Current FDA Considerations Is FMT a biologic agent requiring an investigational drug application? FDA requirements as of July 2013 http://www.fda.gov/downloads/BiologicsBloodVaccines/Guid anceComplianceRegulatoryInformation/Guidances/Vaccines/ UCM361393.pdf
We, FDA, are informing members of the medical and scientific community, and other interested persons that we intend to exercise enforcement discretion regarding the investigational new drug (IND) requirements for the use of fecal microbiota for transplantation (FMT) to treat Clostridium difficile (C. difficile) infection not responding to standard therapies. FDA intends to exercise this discretion provided that the treating physician obtains adequate informed consent from the patient or his or her legally authorized representative for the use of FMT products. Informed consent should include, at a minimum, a statement that the use of FMT products to treat C. difficile is investigational and a discussion of its potential risks. FDA intends to exercise this discretion on an interim basis while the agency develops appropriate policies for the study and use of FMT products under IND.
Translation Informed consent with discussion of risks and benefits Patient must be notified that FMT is investigational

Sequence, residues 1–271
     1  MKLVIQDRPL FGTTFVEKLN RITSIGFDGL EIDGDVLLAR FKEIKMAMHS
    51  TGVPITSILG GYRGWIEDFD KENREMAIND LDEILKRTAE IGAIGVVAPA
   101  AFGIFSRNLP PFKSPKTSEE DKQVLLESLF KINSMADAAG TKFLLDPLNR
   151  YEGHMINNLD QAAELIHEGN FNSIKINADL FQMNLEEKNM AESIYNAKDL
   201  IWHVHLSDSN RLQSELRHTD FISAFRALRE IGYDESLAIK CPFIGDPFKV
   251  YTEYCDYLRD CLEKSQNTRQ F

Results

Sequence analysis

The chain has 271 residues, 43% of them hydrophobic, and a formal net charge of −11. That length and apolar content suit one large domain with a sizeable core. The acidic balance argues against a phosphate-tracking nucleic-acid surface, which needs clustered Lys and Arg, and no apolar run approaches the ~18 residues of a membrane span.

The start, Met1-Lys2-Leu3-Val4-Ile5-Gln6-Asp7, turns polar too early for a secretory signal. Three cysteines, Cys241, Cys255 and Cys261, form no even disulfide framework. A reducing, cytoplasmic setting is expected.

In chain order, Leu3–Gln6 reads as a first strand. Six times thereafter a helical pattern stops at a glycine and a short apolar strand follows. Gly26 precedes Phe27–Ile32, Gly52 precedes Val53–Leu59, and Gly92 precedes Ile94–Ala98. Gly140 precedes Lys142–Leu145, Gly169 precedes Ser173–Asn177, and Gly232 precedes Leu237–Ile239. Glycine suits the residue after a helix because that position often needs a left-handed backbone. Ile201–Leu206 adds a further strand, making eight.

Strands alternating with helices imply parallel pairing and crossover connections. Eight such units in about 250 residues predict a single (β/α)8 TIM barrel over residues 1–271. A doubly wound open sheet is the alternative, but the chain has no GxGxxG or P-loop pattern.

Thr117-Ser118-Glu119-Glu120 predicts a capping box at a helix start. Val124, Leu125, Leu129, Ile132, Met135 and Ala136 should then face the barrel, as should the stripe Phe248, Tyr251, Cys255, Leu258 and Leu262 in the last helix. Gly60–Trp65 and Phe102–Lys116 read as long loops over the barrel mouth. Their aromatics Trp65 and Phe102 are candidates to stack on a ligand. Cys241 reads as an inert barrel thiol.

References: 1.Petrof, E., Gloor, G., Vanner, S., Weese, S., Carter, D., Daigneault, M., Brown, E., Schroeter, K., Allen-Vercoe, E.,: Stool substitute transplant therapy for the eradication of Clostridium difficile infection: ‘RePOOPulating’ the gut. Microbiome 2013 1:3. 2. O’Keefe SJD. Tube feeding, the microbiota, and Clostridium difficile infection. World Journal of Gastroenterology. 2010;16(2):139-42. 3.Bakken, J. S., Borody, T., Brandt, L. J., Brill, J. V., DeMarco, D. C., Franzos, M. A.,... Khorut, A. (2011). Treating Clostridium difficile Infection With Fecal Microbiota Transplantation. CLINICAL GASTROENTEROLOGY AND HEPATOLOGY, 9, 1044-1049. 4. Cohen SH, Gerding DN, Johnson S, Kelly CP, Loo VG, McDonald LC, Pepin J, Wilcox MH: Clinical practice guidelines for Clostridium difficile infection in adults: 2010 update by the society for healthcare epidemiology of America (SHEA) and the infectious diseases society of America (IDSA). Infect Control Hosp Epidemiol 2010, 31:431–455. 5.Brandt, L., Aroniadis, O., Mellow, M., Kanatzar, A., Kelly, C., Park, T., Stollman, N., Rohlke, F., Surawicz, C., Long Term Follow-Up of Colonic Fecal Microbiota Transplant for Recurrent Clostridium difficile Infection. The American Journal of Gastroenterology. 2012, 107 6. Kelly, C.P. Fecal Microbiota Transplantation – An Old Therapy Comes of Age. The New England Journal of Medicine :2013, 368:5. 7.Van Nood, E., Vrieze, A., Nieuwdorp, M., Fuentes, S., Zoetendal, E., deVos, W., Visser, C., …Keller, J. Duodenal Infusion of Donor Feces for Recurrent Clostridium difficile. The New England Journal of Medicine. 2013,368:5 8.Brandt, L., Aroniadis, O., An overview of fecal microbiota transplantation: techniques, indications, and outcomes. Gastrointestinal Endoscopy, August 2013, Vol. 78, Issue 2, Pages 240-249